Since April 2019, I'm studying for a PhD in English Literature at the University of Huddersfield under the supervision of Professor Heather Clark. I'm the recipient of The University of Huddersfield’s Contemporary Poets Project Scholarship 2019, 2020 and 2021, as well as the Santander Research Support and Travel Fund 2021.
My research project "'What Made You Stay?' Sylvia Plath, England and her Transnational Identity" aims at understanding the complex relationship between Sylvia Plath and her adoptive country. This aspect of her life has been neglected in academia and I believe studying Plath’s identity as a foreigner in England, an outsider in her own country, a woman in a mixed marriage, and a writer with personal and intellectual connections with Europe would shed a new light on her writing.
Her case demonstrates that living abroad can be a personal journey to discover oneself, that it is not contradictory to love and hate a country at the same time, and that having a double or triple identity is not incompatible. I find this project particularly relevant in these days of national identity crises.
Ideally, I would like to pursue a career in academia: I already have in mind other projects I'd like to work on which would involve investigations into émigré literature and intercultural experiences, such as the works of Lucia Berlin and Irène Némirovsky.
As for September 2021, I have started working as Graduate Teaching Assistant at the University of Huddersfield. I design and develop teaching materials (quizzes, videos, handouts, recorded lectures) for the courses AFE1209-2122: Literary Genres and APR0085-2122 Twentieth Century Poetry (undergraduate level)
I'm talking about my research in the video below:
• “‘An English Totem’: Constructions of Englishness in Max Porter’s Lanny” in David Rudrum and Pawel Wojtas (eds.), [publisher and date to be confirmed].
• “‘I felt I’d come home’: Sylvia Plath and France” in Nicolas Pierre Boileau and Carmen Bonasera (eds.), “The ‘Edge’ of Sylvia Plath’s Critical History: A Reappraisal of Plath’s Work, 60 years after”, Revue Electronique d’Etudes sur le Monde Anglophone (E-Rea), Spring 2023.
• “Invenzione e ‘atlantismo’ nella poesia contemporanea in lingua inglese: Julie Irigaray”. Five of my poems were translated by Professor Paolo Luca Bernardini, with an introduction by Professor Laura Orsi, Expressio: Rivista di Linguistica, Letteratura e Comunicazione, Mimesis Edizioni, vol.5 2021 (Italy), pp.273-294.
• Review of Amanda Golden’s Annotating Modernism: Marginalia and Pedagogy from Virginia Woolf to the Confessional Poets (Abingdon: Routledge, 2020) for The Modernist Review, 26th February 2021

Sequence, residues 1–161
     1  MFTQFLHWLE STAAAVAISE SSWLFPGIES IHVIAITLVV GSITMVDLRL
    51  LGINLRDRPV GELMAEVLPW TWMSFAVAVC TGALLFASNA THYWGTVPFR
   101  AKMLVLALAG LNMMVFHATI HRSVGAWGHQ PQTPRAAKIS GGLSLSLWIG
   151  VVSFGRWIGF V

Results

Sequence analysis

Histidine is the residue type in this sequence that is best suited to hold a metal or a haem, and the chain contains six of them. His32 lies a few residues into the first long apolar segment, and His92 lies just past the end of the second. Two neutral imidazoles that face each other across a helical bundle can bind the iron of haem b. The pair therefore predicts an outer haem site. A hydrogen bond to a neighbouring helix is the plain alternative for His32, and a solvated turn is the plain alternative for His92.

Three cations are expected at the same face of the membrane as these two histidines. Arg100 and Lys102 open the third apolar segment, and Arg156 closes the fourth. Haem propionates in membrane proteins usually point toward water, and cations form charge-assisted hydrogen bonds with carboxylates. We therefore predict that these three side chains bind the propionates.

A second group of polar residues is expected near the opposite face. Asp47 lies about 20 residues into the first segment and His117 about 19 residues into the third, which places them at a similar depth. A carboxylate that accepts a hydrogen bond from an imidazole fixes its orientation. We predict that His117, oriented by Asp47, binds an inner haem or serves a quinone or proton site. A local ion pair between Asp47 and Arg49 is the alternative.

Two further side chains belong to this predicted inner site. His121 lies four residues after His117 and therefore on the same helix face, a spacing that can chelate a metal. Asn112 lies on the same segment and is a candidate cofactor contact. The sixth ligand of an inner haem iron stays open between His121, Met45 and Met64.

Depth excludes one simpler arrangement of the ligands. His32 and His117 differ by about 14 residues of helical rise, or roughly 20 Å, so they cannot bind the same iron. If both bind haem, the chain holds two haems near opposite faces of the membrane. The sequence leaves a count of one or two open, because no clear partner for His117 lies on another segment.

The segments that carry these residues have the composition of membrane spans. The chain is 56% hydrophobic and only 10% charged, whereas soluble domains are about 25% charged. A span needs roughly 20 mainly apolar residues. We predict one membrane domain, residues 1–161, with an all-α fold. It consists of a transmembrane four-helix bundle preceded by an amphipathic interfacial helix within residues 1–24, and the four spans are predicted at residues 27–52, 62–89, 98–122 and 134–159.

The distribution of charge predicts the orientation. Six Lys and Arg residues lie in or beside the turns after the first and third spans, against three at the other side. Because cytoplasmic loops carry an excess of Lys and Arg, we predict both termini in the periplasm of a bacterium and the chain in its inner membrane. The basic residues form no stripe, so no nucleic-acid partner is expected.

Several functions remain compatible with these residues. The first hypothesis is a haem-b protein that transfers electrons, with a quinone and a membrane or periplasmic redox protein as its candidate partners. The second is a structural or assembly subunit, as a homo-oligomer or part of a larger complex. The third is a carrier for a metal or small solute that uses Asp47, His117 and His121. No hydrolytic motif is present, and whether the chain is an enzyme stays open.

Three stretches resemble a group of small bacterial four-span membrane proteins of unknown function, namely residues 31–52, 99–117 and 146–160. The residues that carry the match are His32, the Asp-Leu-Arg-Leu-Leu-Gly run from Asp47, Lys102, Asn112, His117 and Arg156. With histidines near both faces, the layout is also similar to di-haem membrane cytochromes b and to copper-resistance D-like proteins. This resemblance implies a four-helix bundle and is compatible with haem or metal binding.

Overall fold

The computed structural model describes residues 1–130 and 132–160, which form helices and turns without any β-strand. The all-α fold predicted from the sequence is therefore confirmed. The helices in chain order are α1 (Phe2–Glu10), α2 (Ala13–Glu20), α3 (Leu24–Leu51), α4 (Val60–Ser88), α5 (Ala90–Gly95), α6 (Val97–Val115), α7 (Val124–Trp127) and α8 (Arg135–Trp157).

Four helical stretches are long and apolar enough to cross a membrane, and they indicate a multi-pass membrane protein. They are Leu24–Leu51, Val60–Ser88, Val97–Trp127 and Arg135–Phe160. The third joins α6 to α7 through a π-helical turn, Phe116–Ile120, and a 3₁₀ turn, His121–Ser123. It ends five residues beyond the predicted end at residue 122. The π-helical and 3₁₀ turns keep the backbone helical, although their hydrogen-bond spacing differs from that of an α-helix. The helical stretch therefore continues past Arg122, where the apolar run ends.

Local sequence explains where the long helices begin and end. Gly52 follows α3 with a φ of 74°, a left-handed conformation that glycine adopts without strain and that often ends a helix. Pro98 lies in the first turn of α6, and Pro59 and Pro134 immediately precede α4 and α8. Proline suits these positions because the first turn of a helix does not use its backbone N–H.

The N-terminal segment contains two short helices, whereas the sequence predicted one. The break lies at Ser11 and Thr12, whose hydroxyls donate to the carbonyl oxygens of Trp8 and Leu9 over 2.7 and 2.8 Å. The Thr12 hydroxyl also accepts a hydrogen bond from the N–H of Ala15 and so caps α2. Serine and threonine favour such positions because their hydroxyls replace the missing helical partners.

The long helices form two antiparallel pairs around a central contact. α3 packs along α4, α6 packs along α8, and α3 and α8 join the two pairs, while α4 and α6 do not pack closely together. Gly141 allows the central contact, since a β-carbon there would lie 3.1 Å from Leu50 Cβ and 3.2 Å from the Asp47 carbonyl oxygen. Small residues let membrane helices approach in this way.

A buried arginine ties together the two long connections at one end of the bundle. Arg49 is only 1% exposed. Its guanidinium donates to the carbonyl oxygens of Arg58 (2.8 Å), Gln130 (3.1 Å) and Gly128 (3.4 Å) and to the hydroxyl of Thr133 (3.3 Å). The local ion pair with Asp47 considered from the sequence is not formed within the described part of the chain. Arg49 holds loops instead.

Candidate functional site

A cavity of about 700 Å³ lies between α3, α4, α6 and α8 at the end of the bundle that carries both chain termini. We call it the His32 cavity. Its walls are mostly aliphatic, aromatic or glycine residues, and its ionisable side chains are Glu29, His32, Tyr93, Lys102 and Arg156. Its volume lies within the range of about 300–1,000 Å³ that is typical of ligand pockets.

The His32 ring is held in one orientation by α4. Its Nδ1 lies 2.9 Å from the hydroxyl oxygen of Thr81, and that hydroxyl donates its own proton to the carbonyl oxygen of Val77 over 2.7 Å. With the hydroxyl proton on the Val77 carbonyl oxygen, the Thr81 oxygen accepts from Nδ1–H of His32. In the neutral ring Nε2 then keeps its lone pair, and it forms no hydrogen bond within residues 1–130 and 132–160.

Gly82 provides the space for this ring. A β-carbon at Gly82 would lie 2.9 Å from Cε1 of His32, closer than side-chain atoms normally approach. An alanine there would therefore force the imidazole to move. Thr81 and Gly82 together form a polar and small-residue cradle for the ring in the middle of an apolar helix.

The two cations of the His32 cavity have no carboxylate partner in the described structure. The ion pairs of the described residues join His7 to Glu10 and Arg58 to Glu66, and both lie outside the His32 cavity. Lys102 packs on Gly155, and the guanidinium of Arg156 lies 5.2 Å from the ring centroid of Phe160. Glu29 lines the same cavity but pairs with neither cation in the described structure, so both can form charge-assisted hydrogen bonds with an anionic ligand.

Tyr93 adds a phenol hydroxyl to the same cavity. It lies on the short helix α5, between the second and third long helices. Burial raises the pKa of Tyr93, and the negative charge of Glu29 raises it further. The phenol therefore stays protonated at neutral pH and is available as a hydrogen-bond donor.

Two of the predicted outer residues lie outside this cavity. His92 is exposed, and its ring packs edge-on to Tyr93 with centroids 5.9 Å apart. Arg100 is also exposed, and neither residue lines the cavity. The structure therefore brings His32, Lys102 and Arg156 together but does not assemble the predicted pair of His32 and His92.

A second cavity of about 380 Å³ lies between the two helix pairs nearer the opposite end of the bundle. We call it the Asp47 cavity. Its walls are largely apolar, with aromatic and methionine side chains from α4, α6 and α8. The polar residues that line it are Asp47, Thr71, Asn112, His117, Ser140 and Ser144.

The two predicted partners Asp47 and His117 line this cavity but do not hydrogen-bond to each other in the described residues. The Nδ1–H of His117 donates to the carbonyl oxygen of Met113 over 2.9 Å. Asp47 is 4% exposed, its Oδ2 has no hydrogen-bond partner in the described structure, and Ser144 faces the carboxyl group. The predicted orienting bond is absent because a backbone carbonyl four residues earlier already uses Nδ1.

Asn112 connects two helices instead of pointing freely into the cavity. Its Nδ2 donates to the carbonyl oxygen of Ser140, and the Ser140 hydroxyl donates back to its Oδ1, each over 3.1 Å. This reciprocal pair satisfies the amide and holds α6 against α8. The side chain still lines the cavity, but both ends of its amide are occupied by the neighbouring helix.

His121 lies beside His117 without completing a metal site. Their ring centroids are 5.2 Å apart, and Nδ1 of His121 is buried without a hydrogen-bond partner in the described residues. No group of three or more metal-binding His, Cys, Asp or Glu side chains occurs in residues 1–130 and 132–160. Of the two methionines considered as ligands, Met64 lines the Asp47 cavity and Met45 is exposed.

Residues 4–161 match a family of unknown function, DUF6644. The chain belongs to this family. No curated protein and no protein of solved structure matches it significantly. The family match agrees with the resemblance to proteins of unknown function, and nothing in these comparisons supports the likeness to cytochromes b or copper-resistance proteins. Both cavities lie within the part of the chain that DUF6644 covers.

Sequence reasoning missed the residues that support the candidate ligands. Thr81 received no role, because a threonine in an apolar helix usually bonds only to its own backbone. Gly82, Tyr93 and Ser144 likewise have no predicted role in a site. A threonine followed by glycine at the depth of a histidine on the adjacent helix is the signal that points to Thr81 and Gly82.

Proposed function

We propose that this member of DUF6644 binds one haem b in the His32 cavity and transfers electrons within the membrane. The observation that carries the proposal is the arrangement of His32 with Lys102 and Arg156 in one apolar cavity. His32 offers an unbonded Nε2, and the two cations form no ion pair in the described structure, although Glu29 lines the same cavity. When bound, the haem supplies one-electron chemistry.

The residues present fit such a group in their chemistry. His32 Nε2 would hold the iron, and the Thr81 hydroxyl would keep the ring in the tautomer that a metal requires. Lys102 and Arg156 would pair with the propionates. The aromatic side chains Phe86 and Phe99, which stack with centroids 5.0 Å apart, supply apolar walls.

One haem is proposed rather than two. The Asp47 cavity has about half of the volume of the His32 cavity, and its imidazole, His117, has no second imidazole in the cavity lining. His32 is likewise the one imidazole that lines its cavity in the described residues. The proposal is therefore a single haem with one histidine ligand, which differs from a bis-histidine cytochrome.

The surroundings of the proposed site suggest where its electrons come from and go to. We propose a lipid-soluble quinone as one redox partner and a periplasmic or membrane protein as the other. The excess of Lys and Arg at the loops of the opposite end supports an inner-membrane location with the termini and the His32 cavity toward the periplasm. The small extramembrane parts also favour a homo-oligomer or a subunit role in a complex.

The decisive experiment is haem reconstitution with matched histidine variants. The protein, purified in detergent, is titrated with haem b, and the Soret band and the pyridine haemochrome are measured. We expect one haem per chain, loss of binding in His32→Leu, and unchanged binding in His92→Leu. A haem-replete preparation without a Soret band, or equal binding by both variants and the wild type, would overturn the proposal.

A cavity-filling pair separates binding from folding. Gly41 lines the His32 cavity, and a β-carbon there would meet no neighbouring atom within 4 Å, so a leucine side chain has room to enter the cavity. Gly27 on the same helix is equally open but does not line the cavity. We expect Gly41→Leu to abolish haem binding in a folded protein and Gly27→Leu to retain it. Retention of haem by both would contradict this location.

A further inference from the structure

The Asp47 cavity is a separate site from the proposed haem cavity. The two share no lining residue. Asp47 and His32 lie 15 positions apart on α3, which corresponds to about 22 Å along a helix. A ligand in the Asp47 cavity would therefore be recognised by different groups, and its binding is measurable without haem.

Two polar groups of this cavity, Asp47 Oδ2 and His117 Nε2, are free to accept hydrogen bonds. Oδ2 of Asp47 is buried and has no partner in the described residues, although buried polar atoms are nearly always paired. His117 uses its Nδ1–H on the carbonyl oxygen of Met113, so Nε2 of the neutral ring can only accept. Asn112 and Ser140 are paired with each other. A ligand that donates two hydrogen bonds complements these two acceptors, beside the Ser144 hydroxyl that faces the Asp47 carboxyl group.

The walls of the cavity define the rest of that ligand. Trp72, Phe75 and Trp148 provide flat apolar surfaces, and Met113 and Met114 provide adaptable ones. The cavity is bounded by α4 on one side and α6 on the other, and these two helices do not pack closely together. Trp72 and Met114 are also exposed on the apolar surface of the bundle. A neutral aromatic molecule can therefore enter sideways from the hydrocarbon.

Conferences and talks
7-9th September 2022: my paper "Ted Hughes's Depiction of Spain and France in Birthday Letters" has been accepted for the 9th International Ted Hughes Society Conference taking place at the University of Huddersfield (UK)
31st May-3rd June 2022: I am presenting my paper “'An old-fashioned American' with a 'British tempo': Sylvia Plath, England and her Transnational Identity", AFEA conference, Université Bordeaux-Montaigne (France)
20th May 2022: "'We're Strangers Here': Sylvia Plath and Transnationalism", Sylvia Plath and Trans-Atlanticism Symposium, Aristotle University of Thessaloniki and Fulbright Foundation (Greece)
11th-12th March 2022: I co-organised the Sylvia Plath Across the Century online conference and gave the presentation: "Sylvia Plath as a Student and Reader of French Literature" on 11th March.
20th October 2021: Gave a poetry reading and discussed the Basque language and culture at the Centre for Endangered Languages, Cultures and Ecosystems, University of Leeds (UK)
5th June 2021: Presented a paper entitled “‘In Ireland I feel I may find my soul’: Sylvia Plath and Ireland”, The American Conference for Irish Studies 2021 Virtual Conference
24th October 2020: I discussed the tea and sherry parties Sylvia Plath attended upon her arrival in Cambridge and how they helped her getting integrated into British society for the Sylvia Plath Birthday Party organised by the Sylvia Plath Society.
Transnational literature - English Literature - American Literature - Sylvia Plath - Comparative Literature - French literature - 19th century French poetry - Arthur Rimbaud - 20th century Italian literature - 20th century literature - Romanticism - Women's Studies - Cultural History - Contemporary Poetry
PhD in English Literature, University of Huddersfield 2019 -Present
Thesis: "What Made You Stay?": Sylvia Plath, England and Her Transnational Identity
Supervisors: Professor Heather Clark and Dr James Underwood
Funding and prizes: The University of Huddersfield’s Contemporary Poets Project Scholarship 2019, 2020 and 2021; the Santander Research Support and Travel Fund 2021
M.Phil in Literary Translation, Trinity College Dublin 2017
Dissertation: "Je réservais la traduction": the challenges of translating Arthur Rimbaud into English
Grade: First Class Honours
Funding and prizes: The Christopher Donovan Translation Prize 2016/2017
MA in Early Modern History, King's College London 2015
Dissertation: Attitudes Towards Virginity in Early Modern England
Grade: with Merit
Licence LLCE Anglais, Université Denis Diderot-Paris VII 2014
French equivalent to a BA in Anglophone studies
Subjects: British & American Literature, British & American History, English Linguistics, Translation (French into English & English into French)